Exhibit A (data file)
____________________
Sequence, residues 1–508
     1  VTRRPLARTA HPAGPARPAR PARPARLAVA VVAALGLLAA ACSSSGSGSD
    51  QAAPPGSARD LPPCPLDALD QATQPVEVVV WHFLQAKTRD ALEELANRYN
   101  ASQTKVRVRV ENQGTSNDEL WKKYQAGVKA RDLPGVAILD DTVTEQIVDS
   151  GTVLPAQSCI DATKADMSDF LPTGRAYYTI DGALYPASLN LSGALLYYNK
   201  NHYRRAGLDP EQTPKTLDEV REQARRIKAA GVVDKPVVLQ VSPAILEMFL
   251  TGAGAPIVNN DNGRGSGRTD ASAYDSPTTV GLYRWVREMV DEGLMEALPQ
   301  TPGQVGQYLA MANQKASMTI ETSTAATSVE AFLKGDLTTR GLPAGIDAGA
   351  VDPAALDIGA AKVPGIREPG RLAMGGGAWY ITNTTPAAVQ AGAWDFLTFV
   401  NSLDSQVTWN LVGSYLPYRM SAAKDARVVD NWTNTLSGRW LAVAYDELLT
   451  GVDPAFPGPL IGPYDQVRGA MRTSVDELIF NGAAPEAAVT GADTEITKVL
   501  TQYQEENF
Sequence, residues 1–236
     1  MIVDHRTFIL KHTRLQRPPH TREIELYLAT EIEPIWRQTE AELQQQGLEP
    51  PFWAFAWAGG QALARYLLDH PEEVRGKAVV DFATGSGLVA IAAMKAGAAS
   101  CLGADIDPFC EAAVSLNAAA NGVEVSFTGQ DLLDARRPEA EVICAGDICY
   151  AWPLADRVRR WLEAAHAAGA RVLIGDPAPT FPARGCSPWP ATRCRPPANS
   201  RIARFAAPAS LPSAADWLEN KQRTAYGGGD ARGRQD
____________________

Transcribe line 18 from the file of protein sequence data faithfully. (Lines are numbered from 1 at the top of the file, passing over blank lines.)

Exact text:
   201  RIARFAAPAS LPSAADWLEN KQRTAYGGGD ARGRQD